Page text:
the courses

The Simpson Desert Bike Challenge crosses the Simpson Desert usually from West to East starting at Purni Bore (Sth Aust) and finishing at Birdsville (Qld). Various new routes have been developed over the years. Each route has its own character as terrain varies from giant sand dunes to flat gibber plains. Each route has a different mix of terrain.

Race Route 2024 – “All The Good Bits”

Route Description

All The Good Bits is the traditional West to East route!  The race route starts in Purni Bore and will traverse the Simpson Desert initially heading East along  the WAA Line and Rig Road.  Day 2, Stage 3 heads East along the Rig Road and North along the Erabena Track  to the junction with the WAA Line and finally finishing the day at the junction of Knolls Track.

Day 3 heads North to the French Line – after 35km of undulating gravel tracks, we head East towards Poeppel corner along the notorious French Line.  The dunes are big and the swales are short but relief is insight as we near Poeppel corner and the salt pans. 

With half the stages complete,  we start Stage 6, the 20km night stage.  Lights are mandatory so please ensure that you bring a good set of bike lights with you.

Day 4 is a big day but offers an easy start as we head North from Poeppel Corner along the salt pans before turning East onto the QAA Line.  The dunes might look like tidal waves but the swales are long and offer plenty of recovery time.  

Fat Bikes are built for dune surfing and Stage 9 offers just that as we ride the dune ridge line from Little Red to Big Red and back.  It’s a fun stage that often reminds us why we love fat bikes across sand dunes. 

Stage 10 heads direct to the finish line – hopefully without a headwind!

Other Race Routes

Simpson Desert Route Options

How the Race is Run

The race consists of nine or ten timed stages over five days and covers around 485 – 570 km depending on the route selected for that year. The morning stage of around 70-80 km gets underway at 5.30-6.00am. There is a break between morning and afternoon stages with the afternoon stage of around 40-50 km.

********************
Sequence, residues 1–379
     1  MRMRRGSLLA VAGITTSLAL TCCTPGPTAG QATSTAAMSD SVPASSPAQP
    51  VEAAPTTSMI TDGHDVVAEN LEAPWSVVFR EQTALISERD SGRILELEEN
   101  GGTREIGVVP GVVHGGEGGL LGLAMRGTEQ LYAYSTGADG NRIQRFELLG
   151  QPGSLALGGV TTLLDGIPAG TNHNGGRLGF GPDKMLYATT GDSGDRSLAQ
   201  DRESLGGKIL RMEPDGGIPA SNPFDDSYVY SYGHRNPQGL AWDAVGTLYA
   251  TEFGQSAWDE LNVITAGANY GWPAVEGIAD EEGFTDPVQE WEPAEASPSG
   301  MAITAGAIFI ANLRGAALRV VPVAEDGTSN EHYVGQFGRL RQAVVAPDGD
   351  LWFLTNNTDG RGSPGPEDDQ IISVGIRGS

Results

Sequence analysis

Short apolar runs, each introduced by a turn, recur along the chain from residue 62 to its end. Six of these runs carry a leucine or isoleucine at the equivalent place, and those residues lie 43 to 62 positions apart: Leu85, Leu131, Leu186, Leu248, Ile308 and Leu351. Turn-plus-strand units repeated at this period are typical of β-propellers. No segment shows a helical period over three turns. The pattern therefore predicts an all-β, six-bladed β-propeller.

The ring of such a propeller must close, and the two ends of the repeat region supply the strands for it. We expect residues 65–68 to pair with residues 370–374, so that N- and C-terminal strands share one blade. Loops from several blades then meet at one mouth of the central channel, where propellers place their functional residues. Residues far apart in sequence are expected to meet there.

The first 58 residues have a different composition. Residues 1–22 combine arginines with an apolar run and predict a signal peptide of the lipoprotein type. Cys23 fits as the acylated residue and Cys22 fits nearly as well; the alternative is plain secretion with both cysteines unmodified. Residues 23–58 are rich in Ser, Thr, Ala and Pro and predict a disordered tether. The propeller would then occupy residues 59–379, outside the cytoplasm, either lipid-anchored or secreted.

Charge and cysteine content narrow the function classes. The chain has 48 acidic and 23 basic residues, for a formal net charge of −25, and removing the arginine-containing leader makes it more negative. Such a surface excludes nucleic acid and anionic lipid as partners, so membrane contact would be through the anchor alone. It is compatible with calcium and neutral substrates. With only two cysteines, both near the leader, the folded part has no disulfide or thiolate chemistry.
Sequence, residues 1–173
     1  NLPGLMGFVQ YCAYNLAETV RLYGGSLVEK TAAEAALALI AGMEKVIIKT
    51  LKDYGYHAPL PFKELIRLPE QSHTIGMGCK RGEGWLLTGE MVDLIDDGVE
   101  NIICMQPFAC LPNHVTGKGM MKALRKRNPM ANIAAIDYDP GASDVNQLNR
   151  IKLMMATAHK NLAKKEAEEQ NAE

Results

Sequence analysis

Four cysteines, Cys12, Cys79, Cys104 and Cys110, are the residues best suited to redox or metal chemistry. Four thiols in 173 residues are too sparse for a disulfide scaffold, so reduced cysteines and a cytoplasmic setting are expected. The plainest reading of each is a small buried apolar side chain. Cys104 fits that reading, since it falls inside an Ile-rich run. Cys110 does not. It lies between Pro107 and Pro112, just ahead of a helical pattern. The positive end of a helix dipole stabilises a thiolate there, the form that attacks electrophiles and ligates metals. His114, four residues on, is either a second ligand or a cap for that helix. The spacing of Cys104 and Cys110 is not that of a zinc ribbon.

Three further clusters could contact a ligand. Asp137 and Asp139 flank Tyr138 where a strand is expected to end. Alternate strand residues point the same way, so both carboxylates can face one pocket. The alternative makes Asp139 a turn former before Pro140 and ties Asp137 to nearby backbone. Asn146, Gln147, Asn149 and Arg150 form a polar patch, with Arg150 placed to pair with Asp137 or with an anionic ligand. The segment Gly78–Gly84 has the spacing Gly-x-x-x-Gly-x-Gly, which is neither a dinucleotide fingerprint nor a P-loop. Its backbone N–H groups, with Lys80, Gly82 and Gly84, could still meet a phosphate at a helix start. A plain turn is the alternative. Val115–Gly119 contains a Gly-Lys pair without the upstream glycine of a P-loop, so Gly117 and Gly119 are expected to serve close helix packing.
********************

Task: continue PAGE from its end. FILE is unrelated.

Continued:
On Day Five there are one or two stages with the race ending early afternoon and finishing outside the Birdsville Pub in Queensland.


The event has a minimum speed requirement (total elapsed time). Riders must maintain an average of 12 kph to stay ahead of the pursuing sweep vehicle. If caught by the Sweep, riders are transported by vehicle to the end of that stage. Riders will be credited with the distance they have covered and can then restart the next stage as normal.

Water Stops are located approximately every 20km in the morning and at 15km, 30km and 40km in the afternoon. It is mandatory to stop and collect water at every Water Stop.

Riders must be self sufficient during each stage as no support vehicles are permitted on the track while the race is in progress. Support vehicles must travel in either the front convoy ahead of the riders or in the rear convoy behind the Sweep vehicle.

Medical teams patrol the course throughout the race to monitor the physical and mental status of the riders.

Race regulations require each vehicle to have a UHF radio and a high visibility safety flag.

All communications during the race will be on channel UHF 10. This is the frequency used throughout the Simpson Desert. It is essential to able to communicate with other vehicles in the convoy at all times.